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ON THE SHELF

Poetry, prose: Violence hits home

August 26, 2007|Lynne Heffley

"The Vagina Monologues," tragicomic, graphic performance piece, was inspired by the mystique of the female anatomy. It became a global theatrical franchise, then a major fundraising tool for V-Day, the annual Valentine's Day observance created by Ensler and others in 1998.

V-Day was aimed at helping fight violence against women, and Ensler picks up that theme in "A Memory, a Monologue, a Rant, and a Prayer," edited with Mollie Doyle. This often frank collection of essays, letters, poems and short plays is drawn from writings performed in the touring "V-Day: Until the Violence Stops" international festival.

High-profile contributors exploring domestic, political, social, military and religious abuse of women include Edward Albee, Maya Angelou, Jane Fonda, Anna Deavere Smith and Howard Zinn.

The inclusion of men has been a new, key step for the predominantly female movement, Ensler says. "It's a very big deal for V-Day. What I wanted to do is just ask the writers that I love to write their take, write how this issue has hit them. I was so excited to see how many men responded."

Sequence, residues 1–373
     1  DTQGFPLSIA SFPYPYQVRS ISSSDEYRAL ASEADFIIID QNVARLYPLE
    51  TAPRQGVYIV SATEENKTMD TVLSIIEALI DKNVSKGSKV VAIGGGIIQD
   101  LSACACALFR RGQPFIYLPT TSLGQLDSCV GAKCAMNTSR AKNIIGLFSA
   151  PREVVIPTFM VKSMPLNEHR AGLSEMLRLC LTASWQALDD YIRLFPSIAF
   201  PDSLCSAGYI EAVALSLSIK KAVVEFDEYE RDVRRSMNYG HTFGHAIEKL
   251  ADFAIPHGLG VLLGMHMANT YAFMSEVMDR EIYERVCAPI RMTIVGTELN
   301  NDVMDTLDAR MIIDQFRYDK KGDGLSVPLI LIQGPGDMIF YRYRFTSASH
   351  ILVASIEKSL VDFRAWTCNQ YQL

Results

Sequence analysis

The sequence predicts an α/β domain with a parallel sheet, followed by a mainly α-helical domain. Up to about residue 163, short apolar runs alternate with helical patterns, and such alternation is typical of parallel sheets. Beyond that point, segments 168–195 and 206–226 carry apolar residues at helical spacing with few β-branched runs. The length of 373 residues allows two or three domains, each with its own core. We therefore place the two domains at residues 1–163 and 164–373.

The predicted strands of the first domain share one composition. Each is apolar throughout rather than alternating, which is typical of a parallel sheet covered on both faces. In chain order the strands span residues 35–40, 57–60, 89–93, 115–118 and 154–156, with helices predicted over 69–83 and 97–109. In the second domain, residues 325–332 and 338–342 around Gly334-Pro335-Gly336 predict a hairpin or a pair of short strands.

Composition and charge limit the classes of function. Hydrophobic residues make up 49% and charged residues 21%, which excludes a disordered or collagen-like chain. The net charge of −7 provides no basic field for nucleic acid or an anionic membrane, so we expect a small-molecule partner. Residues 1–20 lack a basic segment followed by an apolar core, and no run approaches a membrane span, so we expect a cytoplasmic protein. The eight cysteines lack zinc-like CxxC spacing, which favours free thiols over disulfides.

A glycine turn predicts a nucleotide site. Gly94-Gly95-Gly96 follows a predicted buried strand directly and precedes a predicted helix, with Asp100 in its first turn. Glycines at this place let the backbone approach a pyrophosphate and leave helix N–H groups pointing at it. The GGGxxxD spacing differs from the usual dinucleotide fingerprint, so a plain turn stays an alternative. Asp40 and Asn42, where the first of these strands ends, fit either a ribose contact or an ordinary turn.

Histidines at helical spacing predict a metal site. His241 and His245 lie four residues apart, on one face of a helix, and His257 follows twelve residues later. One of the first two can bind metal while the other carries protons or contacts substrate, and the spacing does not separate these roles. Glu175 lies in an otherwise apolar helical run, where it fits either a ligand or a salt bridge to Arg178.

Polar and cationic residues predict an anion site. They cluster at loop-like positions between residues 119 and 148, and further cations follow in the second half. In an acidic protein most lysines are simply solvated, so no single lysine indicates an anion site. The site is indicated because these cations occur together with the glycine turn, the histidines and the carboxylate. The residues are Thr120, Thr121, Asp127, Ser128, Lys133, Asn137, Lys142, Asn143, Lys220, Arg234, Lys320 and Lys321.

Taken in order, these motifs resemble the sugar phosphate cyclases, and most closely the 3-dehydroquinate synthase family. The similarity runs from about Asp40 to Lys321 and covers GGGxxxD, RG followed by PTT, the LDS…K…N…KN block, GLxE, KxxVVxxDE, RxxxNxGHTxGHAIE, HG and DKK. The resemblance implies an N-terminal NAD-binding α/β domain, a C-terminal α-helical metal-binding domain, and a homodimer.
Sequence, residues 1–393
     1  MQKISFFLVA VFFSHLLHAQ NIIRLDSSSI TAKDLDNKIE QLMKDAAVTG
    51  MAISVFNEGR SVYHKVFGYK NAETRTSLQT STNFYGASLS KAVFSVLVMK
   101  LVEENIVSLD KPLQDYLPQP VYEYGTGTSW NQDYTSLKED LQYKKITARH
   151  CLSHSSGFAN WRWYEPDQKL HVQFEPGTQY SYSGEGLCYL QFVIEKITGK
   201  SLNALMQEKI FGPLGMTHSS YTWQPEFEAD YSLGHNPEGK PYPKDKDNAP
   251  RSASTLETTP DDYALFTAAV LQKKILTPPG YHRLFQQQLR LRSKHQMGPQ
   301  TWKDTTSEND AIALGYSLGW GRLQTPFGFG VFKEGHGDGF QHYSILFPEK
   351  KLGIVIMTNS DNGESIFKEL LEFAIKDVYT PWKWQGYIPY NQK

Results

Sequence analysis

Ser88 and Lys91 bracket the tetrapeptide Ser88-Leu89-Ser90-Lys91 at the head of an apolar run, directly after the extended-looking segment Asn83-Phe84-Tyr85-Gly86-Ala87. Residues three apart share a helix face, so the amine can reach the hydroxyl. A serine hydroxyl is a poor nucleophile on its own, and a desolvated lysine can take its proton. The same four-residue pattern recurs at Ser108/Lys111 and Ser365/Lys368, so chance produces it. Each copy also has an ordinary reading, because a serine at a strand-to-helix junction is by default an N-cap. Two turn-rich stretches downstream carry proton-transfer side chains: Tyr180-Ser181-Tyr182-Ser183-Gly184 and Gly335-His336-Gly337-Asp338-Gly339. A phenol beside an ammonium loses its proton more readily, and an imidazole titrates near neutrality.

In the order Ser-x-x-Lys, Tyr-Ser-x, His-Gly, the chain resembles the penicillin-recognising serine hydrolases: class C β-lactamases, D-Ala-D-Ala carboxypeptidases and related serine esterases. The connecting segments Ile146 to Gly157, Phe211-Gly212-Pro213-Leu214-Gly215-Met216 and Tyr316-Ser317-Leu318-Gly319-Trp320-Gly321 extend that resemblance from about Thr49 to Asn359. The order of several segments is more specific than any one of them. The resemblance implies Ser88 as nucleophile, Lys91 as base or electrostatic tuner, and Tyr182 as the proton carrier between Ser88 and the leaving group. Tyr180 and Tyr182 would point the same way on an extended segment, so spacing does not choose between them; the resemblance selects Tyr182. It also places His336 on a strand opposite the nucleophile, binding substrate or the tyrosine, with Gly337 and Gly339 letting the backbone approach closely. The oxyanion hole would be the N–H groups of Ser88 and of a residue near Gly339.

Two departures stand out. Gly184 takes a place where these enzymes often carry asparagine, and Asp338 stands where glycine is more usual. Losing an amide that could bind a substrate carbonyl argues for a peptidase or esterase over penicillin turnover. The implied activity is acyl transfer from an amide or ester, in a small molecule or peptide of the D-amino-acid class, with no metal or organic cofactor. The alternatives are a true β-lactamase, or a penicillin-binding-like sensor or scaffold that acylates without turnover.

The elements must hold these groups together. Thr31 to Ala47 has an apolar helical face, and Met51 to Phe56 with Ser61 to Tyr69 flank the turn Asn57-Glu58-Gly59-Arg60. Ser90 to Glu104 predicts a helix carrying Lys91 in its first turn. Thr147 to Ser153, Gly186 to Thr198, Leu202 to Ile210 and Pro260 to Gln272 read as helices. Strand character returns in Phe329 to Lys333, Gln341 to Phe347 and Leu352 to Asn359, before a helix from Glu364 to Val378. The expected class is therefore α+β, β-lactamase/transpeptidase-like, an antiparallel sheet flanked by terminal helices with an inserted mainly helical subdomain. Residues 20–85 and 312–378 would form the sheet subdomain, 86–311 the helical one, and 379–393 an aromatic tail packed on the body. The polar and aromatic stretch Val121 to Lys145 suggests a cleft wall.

Excerpts:

"It wasn't being trapped in a house filled with women that had made me the very strange person I was, but growing up in a household of raped women." -- "Rescue," by Mark Matousek.

"Why are we worried about bird flu when women are being mutilated and raped? Why aren't we marching on Congress for that? And nobody has a clue why we're in Iraq, but we would know why we were in Darfur." -- "Monologue" by Susan Miller.

"Tonight make Rwanda come on my mind. Strong. About when the Hutus, they gonna kill my youngest brother -- my mother was by his side in the road. You know dat story, right? But you don't really know. Tonight make me think I gotta tell you -- the whole story." -- "Monologue" by Anna Deavere Smith.

-- Lynne Heffley

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